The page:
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by Kate Ellis
Piatkus, September 2009
432 pages
7.99 GBP
ISBN: 0749909269

Buy in the UK | Buy in Canada

Kate Ellis's books seem to have passed under my radar and I'm not quite sure why. On the evidence of A PERFECT DEATH, she writes highly-proficient and well-plotted police procedurals, set in a fictional Devon town. And, for an added twist, there's an archaeological angle.

Her hero, Wesley Peterson, is a Detective Inspector. As the book opens, he and wife Pam are on holiday in France where they come across someone Wesley knew at university. Despite the fact he and Ian Rowe weren't bosom chums, Wesley agrees to meet him the next day to get some information on a friend who has disappeared. Rowe, though, doesn't turn up.

Back to England and a woman is burned to death in a field. Add in a link to 13th century legend, a property developer whose plans for new houses are being held up by an archaeological dig, plus a strange university professor, and a seemingly good-guy philanthropist, along with several more bodies, and Wesley and his colleagues have a problem on their hands.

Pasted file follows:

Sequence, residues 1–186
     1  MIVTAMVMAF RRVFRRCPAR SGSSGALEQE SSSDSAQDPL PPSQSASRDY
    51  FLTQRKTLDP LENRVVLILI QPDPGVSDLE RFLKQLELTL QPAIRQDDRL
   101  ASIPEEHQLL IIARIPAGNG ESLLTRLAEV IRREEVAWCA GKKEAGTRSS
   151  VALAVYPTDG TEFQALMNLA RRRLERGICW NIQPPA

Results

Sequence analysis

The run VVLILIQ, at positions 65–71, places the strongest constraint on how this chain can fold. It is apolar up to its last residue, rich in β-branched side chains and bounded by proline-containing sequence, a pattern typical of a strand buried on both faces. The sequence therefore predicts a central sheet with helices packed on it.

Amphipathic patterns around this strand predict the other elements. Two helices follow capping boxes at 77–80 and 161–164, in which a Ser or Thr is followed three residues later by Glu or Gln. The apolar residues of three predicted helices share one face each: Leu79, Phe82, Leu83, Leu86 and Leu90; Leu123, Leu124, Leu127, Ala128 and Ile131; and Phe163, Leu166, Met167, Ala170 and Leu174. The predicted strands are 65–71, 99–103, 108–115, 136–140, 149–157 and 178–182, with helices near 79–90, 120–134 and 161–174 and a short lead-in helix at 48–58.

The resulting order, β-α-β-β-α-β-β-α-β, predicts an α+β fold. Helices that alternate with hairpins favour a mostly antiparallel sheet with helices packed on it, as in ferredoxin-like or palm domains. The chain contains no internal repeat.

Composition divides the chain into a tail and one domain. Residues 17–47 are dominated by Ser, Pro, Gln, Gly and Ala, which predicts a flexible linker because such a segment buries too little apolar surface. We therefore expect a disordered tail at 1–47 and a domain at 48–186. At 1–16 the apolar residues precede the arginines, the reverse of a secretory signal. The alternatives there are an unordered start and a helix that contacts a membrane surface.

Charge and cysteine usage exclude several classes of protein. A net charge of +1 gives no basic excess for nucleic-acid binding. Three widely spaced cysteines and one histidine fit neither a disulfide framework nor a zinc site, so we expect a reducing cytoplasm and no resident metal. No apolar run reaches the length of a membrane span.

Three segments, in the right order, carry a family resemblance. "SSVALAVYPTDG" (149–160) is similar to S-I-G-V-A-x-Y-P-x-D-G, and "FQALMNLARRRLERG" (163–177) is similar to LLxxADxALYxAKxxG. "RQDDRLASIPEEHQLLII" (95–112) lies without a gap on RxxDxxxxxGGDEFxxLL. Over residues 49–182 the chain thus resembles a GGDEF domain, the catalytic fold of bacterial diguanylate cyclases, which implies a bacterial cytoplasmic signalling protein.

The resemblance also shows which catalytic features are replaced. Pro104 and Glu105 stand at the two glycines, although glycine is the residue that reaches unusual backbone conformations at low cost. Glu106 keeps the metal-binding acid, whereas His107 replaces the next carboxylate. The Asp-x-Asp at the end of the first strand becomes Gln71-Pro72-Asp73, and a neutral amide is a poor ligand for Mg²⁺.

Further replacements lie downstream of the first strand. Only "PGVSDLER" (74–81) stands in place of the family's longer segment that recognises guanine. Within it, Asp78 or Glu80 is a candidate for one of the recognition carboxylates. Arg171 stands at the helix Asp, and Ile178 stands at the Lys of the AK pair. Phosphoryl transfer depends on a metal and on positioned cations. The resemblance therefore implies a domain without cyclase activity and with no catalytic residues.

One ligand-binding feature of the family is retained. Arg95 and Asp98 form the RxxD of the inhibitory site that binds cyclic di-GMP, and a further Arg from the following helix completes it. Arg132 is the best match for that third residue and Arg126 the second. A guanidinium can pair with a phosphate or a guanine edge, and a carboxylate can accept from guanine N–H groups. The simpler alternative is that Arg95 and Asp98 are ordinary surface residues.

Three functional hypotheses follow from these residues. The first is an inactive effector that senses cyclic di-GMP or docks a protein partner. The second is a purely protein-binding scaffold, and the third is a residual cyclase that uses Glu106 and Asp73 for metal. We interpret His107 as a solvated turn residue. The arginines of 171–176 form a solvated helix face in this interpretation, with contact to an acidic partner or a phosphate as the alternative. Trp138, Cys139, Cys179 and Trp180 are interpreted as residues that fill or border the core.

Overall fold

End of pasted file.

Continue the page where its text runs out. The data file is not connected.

The investigation uncovers the fact that the archaeological excavation at Grandal Field hasn't gone smoothly, and that records from a previous dig have disappeared ľand two of the archaeologists involved died young. The more Wesley asks questions, the more he puts himself in danger.

It's tricky assessing characters some way into what's clearly an established series. Ellis, though, makes us want to know more about them, despite the fact they're not the most vivid creations in the genre. So the tactless DCI, the efficient DS and the gormless new DC are painted in rather broad brush strokes. Wesley, Pam and archaeologist friend Neil Watson are probably like old chums to people who've read the previous books, but lack depth to us newcomers.

A PERFECT DEATH is a well-paced story with a mix of modern headlines and medieval legends. The extracts from an academic's papers don't bring much to the feast, and I was conscious after a while of skimming them. But I'd certainly be happy to read other books in the series.

Reviewed by Sharon Wheeler, December 2009

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Contact: Yvonne Klein (ymk@reviewingtheevidence.com)

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